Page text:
The Beast (La bęte) (1975) (NTSC)

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Released 31-Jan-2008

Cover Art

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Details At A Glance

General Extras
Category Horror Featurette-Making Of-The Making of La Bęte
Interviews-Crew-Interview with Walerian Borowczyk
Biographies-Crew-Biography of Walerian Borowczyk
Gallery-Photo-17 images
Theatrical Trailer-La Bęte
Teaser Trailer-Umbrella Trailers
Rating Rated R
Year Of Production 1975
Running Time 94:10
RSDL / Flipper Dual Layered
Dual Disc Set
Cast & Crew
Start Up Menu
Region Coding 4 Directed By Walerian Borowczyk
Studio
Distributor

Umbrella Entertainment
Starring Sirpa Lane
Lisbeth Hummel
Elisabeth Kaza
Pierre Benedetti
Guy Tréjan
Roland Armontel
Marcel Dalio
Robert Capia
Pascale Rivault
Hassane Fall
Anna Baldaccini
Thierry Bourdon
Mathieu Rivollier
Case Amaray-Transparent-Dual
RPI $34.95 Music None Given


Video (NTSC) Audio
Pan & Scan/Full Frame Unknown French Dolby Digital 2.0 mono (192Kb/s)
Widescreen Aspect Ratio 1.66:1
16x9 Enhancement
16x9 Enhanced
Video Format 480i (NTSC)
Original Aspect Ratio 1.66:1 Miscellaneous
Jacket Pictures No
Subtitles English Smoking Yes
Annoying Product Placement No
Action In or After Credits Yes, Just a still image.

NOTE: The Profanity Filter is ON. Turn it off here.

Plot Synopsis

    The late Polish born director, Walerian Borowczyk began his artistic life as a painter and lithographer. He deserted this for filmmaking in the early fifties when be began making short, surreal animation films, which he continued making until the late sixties. In 1968 Borowczyk progressed to feature films with Goto, Isle of Love (Goto, l'île d'amour). His films largely centre on surreal and erotic themes. The latter is certainly the case with the films made later in his career - in 1987 he directed Emmanuelle 5.

    Borowczyk enjoyed critical acclaim for many of his early works, establishing a reputable name for himself as a film director. However, in 1975 this reputation took somewhat of a battering with the release of his most controversial film, The Beast (La Bęte).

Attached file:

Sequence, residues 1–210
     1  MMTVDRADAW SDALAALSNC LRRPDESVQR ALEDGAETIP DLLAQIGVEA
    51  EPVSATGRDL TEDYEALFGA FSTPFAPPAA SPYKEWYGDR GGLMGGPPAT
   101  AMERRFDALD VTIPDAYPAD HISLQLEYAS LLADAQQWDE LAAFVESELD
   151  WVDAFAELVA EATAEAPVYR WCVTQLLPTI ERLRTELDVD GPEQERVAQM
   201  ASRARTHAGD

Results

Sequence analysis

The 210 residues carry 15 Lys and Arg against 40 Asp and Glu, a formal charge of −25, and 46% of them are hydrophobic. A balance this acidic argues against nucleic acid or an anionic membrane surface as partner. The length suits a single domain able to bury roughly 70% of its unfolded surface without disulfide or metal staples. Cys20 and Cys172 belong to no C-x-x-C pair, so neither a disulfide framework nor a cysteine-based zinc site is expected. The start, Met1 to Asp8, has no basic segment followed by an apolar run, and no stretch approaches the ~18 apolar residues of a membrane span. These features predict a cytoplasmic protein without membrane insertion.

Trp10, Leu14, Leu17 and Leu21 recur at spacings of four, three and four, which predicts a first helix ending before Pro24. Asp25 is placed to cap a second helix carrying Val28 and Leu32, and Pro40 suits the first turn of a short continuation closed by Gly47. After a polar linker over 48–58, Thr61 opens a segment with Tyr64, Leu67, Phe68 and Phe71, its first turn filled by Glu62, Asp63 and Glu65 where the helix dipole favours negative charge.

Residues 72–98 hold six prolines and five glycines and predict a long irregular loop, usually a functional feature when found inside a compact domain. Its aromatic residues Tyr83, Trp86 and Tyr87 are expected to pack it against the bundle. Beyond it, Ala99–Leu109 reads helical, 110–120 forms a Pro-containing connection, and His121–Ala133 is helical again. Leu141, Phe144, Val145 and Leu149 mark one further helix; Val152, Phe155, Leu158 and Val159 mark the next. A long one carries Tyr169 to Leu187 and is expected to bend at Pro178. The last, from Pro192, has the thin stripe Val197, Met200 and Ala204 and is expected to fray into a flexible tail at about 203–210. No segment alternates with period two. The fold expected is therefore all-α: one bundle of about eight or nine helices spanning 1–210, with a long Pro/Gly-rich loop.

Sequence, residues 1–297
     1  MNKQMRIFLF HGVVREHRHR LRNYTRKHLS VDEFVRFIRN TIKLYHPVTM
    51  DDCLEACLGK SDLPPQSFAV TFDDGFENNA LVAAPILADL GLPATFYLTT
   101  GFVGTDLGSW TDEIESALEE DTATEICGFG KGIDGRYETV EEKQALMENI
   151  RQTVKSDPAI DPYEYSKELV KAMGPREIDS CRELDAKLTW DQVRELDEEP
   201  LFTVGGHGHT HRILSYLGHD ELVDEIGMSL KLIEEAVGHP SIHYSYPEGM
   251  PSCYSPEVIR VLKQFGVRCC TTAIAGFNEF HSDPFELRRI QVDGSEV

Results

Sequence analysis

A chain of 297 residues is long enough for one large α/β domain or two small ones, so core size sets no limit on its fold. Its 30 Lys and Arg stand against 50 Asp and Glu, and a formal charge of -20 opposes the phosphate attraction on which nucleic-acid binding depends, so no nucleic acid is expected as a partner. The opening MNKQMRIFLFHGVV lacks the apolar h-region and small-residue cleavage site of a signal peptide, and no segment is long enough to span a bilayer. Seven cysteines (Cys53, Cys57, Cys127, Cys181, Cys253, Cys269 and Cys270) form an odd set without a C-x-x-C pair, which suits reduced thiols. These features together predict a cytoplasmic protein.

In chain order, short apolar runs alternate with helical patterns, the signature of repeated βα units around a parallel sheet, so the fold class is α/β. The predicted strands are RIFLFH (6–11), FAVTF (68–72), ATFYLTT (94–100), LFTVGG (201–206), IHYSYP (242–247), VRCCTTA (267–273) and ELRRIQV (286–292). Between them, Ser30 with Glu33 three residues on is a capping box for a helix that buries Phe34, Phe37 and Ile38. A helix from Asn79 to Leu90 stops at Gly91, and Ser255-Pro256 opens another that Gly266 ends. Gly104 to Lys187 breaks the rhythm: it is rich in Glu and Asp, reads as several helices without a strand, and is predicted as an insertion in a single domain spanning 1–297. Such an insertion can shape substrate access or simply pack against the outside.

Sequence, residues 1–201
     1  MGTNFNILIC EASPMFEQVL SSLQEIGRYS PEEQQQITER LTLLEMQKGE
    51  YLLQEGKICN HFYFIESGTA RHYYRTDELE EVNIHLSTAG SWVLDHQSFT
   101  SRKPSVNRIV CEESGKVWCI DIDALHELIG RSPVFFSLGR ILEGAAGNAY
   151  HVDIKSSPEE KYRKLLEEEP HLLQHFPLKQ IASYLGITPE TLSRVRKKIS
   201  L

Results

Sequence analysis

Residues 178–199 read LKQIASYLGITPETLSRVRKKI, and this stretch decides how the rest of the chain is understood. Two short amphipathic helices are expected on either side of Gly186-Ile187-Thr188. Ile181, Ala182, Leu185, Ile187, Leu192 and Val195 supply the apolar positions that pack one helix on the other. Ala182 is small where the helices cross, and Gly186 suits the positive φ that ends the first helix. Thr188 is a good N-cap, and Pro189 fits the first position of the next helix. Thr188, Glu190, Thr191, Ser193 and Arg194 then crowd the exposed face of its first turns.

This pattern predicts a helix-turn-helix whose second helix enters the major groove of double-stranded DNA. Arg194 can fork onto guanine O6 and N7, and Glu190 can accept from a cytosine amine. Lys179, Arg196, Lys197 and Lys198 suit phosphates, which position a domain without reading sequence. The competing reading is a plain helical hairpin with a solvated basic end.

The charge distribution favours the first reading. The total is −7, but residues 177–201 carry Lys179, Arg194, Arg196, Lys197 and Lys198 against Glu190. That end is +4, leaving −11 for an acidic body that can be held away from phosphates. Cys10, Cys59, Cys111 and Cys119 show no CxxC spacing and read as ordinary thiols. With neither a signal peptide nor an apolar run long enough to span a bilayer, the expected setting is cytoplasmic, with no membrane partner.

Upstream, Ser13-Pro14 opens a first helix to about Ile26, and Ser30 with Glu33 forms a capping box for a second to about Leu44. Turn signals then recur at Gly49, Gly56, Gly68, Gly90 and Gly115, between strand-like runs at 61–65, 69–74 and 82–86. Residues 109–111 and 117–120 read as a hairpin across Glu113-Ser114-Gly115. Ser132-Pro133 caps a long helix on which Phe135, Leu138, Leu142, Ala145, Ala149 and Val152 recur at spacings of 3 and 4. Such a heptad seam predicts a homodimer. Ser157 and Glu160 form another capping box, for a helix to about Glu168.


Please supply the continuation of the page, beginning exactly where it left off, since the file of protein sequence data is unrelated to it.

This very dark comedy divided critical opinion with its bold depiction of bestiality, causing the film to be banned in scores of countries around the world (including Australia) for many years. Although the main offending scenes appear late in the film, Borowczyk signals his intentions in the very first scene with graphic vision of two "breeding" horses. This sets an unflinching course for the film, and heralds the shameless portrayal of its subject matter.

    The Beast was originally planned as the fifth instalment of Borowczyk's 1974 film, Immoral Tales (Contes immoraux), but the idea was shelved in favour of expanding the concept into a feature film. While the film may be rich in erotic symbolism, the rather silly premise of this adult fairy tale still highlights its original origins.

    Young American heiress, Lucy Broadhurst (Lisbeth Hummel) and her chaperone aunt, Virginia (Elizabeth Kaza), arrive at the stately French chateau of the del I'Esperance family. Frantic preparations begin for the up-coming wedding of Lucy to the very mysterious, Mathurin del I'Esperance (Pierre Benedetti ).The del I'Esperance family sees this wedding as a chance to arrest the social decline that has besieged them over the years and inherit a fortune. The family name has long been hounded by rumour and innuendo about the bizarre happenings in the forest that surrounds their estate.

    It is a vital condition of the inheritance that the wedding be performed by Mathurin's uncle, who is a Cardinal. The wedding is delayed while the family anxiously tries to track him down and convince him to return to the chateau.

    In the days leading up to the wedding, Lucy has vivid dreams of the forest and a young maiden being repeatedly raped by an odd looking beast. She will later learn that these dreams have a meaning and the del I'Esperance family have a deep, dark secret.

    To say that this isn't a film for everyone is a massive understatement. Audience reaction will range from those who see it as a totally hilarious experience, to those who are utterly disgusted by it. Either way, it's very likely that aficionado's of cult cinema will want to add The Beast to their DVD collections.

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Transfer Quality

Video

    This is a NTSC transfer. The Beast is presented in its correct aspect ratio of 1.66:1, which is 16x9 enhanced.

    The degree of sharpness is generally good, although the overall image is a little on the soft side. I haven't seen a cinema print of the film, but I'd be pretty confident that this would be consistent with the source print. Blacks were very clean and shadow detail was also quite good.

    Colours were generally well balanced. At times, the colour red appeared to be slightly over-warm, but this wasn't at all problematic.